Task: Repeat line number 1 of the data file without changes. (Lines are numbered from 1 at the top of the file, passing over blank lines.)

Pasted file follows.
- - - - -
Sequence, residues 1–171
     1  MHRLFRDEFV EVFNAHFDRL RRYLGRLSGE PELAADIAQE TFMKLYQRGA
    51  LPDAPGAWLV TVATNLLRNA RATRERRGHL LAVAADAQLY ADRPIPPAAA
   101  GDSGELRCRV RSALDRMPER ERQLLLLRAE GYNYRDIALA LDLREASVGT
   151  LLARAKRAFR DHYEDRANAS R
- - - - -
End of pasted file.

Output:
Sequence, residues 1–171